The phrase “art is subjective” really seems to hit home with the horror genre as much as any other type of movie. What makes a great horror movie? Is it the one that scares us the most? The one that has the best performances or best direction and cinematography? Is it the goriest or the one with the best practical effects? Or is it the best one at using horror elements to comment on the social issues of its time? The answer is simply yes. Yes to all because horror is subjective. We can count the beats, the number of jump scares and rate the overall quality of the film, but ultimately what makes a great horror movie is its effectiveness on the viewer.
So, to determine what I feel are the best of the best horror films of all time, I set a few rules for myself. Of course, critical reception, importance to and influence on the genre were part of the process. I also limited myself to only one movie from an original series so I wouldn’t put all the Friday the 13th films on here. I did allow myself to add remakes and a film from a rebooted series, however. The last and most important rule is simply my personal freakin preference.
This is the 100 Greatest Horror Movies of All Time!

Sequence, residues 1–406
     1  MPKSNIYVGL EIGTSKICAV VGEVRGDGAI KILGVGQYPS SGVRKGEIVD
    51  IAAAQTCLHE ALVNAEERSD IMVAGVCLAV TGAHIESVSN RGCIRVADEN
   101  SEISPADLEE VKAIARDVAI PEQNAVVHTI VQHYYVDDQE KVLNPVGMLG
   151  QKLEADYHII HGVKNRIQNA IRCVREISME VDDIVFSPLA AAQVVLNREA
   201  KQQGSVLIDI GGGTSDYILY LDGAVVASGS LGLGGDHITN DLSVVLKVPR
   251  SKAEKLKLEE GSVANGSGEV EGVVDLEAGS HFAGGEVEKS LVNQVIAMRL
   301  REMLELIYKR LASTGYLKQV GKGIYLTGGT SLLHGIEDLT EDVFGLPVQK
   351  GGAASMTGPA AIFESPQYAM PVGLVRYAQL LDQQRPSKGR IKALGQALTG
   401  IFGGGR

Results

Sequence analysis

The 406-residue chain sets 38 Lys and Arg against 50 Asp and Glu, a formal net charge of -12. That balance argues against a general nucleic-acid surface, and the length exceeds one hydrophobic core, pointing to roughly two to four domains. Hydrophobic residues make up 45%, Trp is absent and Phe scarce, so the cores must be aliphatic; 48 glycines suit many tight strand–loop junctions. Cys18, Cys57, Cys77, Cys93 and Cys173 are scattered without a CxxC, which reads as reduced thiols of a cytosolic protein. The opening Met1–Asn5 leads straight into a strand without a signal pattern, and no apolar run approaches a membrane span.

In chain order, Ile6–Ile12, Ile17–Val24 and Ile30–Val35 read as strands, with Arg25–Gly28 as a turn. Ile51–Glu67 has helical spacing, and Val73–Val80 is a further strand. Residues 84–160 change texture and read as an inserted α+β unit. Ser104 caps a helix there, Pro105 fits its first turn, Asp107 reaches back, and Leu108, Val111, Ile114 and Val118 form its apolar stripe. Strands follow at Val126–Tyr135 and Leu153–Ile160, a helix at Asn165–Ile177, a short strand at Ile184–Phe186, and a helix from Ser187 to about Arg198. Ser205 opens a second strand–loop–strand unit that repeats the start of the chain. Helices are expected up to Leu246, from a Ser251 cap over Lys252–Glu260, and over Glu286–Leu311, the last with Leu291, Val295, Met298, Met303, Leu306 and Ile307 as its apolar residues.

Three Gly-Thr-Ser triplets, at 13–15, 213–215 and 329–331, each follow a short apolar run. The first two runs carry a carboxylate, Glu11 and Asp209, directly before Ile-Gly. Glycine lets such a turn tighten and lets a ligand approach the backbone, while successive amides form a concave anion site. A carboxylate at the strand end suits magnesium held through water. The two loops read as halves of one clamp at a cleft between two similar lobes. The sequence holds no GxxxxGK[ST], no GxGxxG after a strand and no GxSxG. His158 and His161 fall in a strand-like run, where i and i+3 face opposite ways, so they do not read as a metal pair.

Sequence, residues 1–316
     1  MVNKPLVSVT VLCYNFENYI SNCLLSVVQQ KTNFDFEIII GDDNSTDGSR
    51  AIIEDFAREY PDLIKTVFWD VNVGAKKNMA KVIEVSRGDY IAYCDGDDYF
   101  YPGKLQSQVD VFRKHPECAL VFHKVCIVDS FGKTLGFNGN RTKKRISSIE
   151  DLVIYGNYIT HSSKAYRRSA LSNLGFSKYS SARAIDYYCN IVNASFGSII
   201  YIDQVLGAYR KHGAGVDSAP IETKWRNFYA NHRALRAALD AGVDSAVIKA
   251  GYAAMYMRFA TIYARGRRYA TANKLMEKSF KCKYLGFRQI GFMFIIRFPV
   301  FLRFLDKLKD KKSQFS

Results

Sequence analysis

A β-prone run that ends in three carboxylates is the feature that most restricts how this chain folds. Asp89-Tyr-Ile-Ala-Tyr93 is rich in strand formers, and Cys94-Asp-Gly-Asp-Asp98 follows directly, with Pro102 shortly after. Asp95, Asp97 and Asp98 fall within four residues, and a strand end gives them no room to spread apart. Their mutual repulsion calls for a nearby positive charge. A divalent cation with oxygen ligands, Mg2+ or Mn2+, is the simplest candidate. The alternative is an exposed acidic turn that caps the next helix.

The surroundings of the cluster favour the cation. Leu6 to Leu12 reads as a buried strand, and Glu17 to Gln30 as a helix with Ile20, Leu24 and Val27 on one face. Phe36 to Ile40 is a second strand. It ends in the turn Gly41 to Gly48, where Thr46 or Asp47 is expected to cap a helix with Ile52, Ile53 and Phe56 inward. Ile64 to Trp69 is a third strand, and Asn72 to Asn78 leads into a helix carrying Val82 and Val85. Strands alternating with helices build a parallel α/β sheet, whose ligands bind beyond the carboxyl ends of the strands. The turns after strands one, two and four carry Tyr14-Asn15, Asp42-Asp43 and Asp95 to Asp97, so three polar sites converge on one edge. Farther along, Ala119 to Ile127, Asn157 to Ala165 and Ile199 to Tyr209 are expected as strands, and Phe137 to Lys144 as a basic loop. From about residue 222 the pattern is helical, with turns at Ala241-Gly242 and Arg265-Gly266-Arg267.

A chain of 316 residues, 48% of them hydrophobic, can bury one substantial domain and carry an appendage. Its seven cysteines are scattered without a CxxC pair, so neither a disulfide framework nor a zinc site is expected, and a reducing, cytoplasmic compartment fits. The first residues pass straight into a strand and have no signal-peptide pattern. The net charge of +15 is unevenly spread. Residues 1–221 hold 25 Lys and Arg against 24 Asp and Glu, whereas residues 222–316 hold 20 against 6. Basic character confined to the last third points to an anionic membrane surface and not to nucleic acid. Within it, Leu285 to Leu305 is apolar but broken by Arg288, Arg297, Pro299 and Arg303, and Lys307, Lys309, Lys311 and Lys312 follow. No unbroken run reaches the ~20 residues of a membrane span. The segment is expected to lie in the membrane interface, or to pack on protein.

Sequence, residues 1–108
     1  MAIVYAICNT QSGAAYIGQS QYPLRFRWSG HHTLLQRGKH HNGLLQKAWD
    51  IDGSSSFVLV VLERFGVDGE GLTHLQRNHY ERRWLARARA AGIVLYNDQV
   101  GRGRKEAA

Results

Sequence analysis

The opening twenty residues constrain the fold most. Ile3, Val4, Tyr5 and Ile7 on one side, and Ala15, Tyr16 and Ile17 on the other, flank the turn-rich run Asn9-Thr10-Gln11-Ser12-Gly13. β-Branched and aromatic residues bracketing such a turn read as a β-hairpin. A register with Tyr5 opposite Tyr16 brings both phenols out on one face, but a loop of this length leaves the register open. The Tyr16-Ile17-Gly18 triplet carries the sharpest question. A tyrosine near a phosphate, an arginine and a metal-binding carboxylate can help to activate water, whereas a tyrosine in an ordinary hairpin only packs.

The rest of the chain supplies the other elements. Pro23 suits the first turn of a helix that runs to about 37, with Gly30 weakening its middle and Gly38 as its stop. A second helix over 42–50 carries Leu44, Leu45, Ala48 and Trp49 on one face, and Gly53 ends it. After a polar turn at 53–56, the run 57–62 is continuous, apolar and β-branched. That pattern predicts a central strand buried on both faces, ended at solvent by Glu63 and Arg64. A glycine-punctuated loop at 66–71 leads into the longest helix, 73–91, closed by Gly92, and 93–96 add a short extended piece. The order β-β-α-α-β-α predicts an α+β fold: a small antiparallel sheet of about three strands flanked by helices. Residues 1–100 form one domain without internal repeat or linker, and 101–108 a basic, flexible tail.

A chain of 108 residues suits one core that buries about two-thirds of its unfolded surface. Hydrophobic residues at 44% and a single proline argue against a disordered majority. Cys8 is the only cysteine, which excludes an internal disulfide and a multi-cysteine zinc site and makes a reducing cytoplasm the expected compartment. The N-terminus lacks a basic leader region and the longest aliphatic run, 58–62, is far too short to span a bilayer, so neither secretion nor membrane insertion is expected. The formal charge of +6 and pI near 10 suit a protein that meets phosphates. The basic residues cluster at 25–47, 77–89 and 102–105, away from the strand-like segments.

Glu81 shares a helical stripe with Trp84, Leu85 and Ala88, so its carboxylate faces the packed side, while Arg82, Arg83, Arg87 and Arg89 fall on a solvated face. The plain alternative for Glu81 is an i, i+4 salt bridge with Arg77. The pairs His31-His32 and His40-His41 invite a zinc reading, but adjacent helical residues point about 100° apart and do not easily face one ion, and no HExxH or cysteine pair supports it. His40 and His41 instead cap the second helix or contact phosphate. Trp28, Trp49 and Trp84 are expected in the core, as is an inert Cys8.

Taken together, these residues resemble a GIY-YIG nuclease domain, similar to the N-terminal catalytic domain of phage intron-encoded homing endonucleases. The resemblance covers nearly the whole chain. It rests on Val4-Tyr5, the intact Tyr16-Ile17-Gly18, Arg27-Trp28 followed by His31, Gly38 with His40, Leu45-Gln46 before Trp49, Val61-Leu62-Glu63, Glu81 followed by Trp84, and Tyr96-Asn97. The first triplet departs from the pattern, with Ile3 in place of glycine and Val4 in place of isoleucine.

60. Gremlins (1984)
A comedy-horror must watch around Christmastime as these lovable pint-sized creatures claw their way into your heart. A well-meaning father searches for the perfect gift for his son as he is able to procure a fuzzy-faced little guy named Gizmo. He is given strict instructions of don’t get them wet, don’t expose them to bright light, and for the love of God whatever you do, don’t feed them after midnight. Well, as most every single horror film goes, all three of the rules were broken and we are given a wacky tale with mesmerizing puppetry work as the miniature monsters wreak havoc on a cozy little town.
Director Joe Dante was able to create one of the most iconic horror-comedies that is able to provide laughs and frights as the PG film can get a bit dark as well. That chimney story anyone? As most great horror films do, Gremlins sparked several imitators of small creature features that were never able to top this original classic.
59. Eyes Without a Face (1960)
This early French horror film is about a plastic surgeon who is simply trying his best to repair his daughter’s face after it was disfigured in a horrible accident. Doesn’t sound that bad, does it? Daddy just trying to take care of his baby girl, right? Sounds good until you find out he is murdering and removing faces from other women in order to transplant their skin to his daughter’s face. A daughter who is also going a bit crazy at the same time.